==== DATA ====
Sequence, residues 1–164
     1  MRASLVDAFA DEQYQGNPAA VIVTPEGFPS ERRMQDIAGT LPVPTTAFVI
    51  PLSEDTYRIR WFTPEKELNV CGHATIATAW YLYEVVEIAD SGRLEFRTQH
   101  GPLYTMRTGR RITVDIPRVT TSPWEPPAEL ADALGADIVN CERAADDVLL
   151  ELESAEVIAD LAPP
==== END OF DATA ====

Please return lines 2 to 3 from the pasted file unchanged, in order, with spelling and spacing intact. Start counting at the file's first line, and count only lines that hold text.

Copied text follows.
     1  MRASLVDAFA DEQYQGNPAA VIVTPEGFPS ERRMQDIAGT LPVPTTAFVI
    51  PLSEDTYRIR WFTPEKELNV CGHATIATAW YLYEVVEIAD SGRLEFRTQH